What is a vacuum constriction device (VCD)?

A vacuum constriction device (VCD) is an external pump that a man with erectile dysfunction (ED) can use to get and maintain an erection. The pump helps the penis to become erect and a band attached to the pump helps to maintain the erection.

How does a vacuum constriction device (VCD) work?

To use the device:

  • Place the pump, which can be pumped by hand or run on batteries, over the penis.
  • Pump the air out of the cylinder so that a vacuum is created. The vacuum draws blood into the shaft of the penis and causes it to swell and become erect.
  • Once the penis is erect, with the help of lubricant slide the retaining band down onto the lower end of the penis.
  • Remove the pump.

The band can be left on safely for up to 30 minutes to allow for successful intercourse.

Who should consider using a VCD?

Vacuum constriction devices are most commonly used to treat medical causes of ED. These causes include:

  • Poor blood flow into the penis.
  • Excess blood flow out of the penis during erection.
  • Damage to nerves that control the erection reflex.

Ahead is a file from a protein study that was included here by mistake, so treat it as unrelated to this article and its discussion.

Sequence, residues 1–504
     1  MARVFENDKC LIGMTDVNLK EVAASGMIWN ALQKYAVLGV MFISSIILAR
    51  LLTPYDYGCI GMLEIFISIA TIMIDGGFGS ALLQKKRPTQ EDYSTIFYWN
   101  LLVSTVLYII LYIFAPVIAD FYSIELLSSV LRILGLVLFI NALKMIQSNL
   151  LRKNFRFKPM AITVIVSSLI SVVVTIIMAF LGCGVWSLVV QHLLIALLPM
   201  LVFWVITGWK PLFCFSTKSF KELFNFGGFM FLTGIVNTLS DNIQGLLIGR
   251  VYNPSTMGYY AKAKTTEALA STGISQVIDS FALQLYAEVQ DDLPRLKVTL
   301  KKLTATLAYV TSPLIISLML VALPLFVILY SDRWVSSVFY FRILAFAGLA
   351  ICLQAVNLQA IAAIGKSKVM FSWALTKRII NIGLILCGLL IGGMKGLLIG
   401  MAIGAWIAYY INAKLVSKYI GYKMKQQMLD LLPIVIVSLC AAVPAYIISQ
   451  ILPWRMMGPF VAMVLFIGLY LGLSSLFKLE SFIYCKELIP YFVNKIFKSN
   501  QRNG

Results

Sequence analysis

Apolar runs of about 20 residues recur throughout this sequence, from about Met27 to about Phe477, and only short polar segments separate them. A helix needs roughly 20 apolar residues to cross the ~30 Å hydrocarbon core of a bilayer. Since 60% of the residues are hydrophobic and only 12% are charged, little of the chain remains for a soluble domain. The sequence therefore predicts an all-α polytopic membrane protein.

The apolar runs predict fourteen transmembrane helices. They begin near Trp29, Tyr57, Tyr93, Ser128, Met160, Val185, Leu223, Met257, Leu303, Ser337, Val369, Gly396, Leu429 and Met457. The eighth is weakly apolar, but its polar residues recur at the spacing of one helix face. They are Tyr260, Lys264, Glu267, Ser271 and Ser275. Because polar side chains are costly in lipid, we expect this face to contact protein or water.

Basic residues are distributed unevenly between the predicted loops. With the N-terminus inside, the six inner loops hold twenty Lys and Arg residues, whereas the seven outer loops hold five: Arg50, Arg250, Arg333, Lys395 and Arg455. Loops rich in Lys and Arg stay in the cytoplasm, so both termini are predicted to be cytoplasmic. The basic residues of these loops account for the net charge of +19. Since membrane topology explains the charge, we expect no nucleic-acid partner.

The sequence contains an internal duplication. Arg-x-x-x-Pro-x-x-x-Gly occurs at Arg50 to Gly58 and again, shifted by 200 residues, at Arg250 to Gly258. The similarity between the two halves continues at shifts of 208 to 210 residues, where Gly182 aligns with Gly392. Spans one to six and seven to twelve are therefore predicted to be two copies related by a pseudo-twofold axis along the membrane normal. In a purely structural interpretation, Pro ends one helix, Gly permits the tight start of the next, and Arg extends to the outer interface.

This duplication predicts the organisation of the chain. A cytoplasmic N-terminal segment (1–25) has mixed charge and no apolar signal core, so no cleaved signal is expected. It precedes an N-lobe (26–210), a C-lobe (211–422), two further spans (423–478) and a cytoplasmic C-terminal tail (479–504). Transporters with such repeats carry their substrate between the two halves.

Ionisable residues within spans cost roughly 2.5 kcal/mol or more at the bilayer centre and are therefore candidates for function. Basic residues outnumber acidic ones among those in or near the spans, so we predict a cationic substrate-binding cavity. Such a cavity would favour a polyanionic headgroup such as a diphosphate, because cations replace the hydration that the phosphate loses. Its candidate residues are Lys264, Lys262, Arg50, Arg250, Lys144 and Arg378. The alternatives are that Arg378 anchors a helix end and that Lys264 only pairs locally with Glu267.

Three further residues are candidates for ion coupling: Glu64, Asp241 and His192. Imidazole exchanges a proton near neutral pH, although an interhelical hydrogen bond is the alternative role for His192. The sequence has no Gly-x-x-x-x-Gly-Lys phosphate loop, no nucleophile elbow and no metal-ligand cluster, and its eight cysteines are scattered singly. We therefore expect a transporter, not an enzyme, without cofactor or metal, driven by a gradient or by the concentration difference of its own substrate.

Because VCDs are safe to use and have few long-term side effects, they are also sometimes recommended as a treatment for anxiety-based ED.

What are the side effects of VCDs?

The erection obtained by the VCD is not the same as an erection obtained naturally. The penis tends to be purplish in color and can be cold. To warm the penis so that it is not so cold, you can try putting a warm compress on it before having sex. Other side effects can include:

  • Numbness.
  • No ejaculation.
  • Bruising and swelling of the penis.
  • Difficulty achieving orgasm.

How much does a VCD cost?

VCDs may cost from $300 to $500, depending on brand and type. If you come in for teaching and it is effective, you will receive a VCD and your insurance will be billed.

Does insurance cover VCDs?

Most insurance policies, including Medicare, cover at least part of the costs of VCDs, especially if a medical cause for ED has been documented. Medicaid, however, does not cover VCDs.

Last reviewed by a Cleveland Clinic medical professional on 11/30/2020.

References

  • National Kidney and Urologic Diseases Information Clearinghouse. Accessed 12/28/2020.Erectile Dysfunction (https://www.niddk.nih.gov/health-information/urologic-diseases/erectile-dysfunction)
  • Urology Care Foundation. Accessed 12/28/2020.How is ED Treated? (http://www.urologyhealth.org/urologic-conditions/erectile-dysfunction/treatment)
  • National Institute of Diabetes and Digestive and Kidney Diseases. Accessed 12/28/2020.Treatment for Erectile Dysfunction. (https://www.niddk.nih.gov/health-information/urologic-diseases/erectile-dysfunction/treatment)

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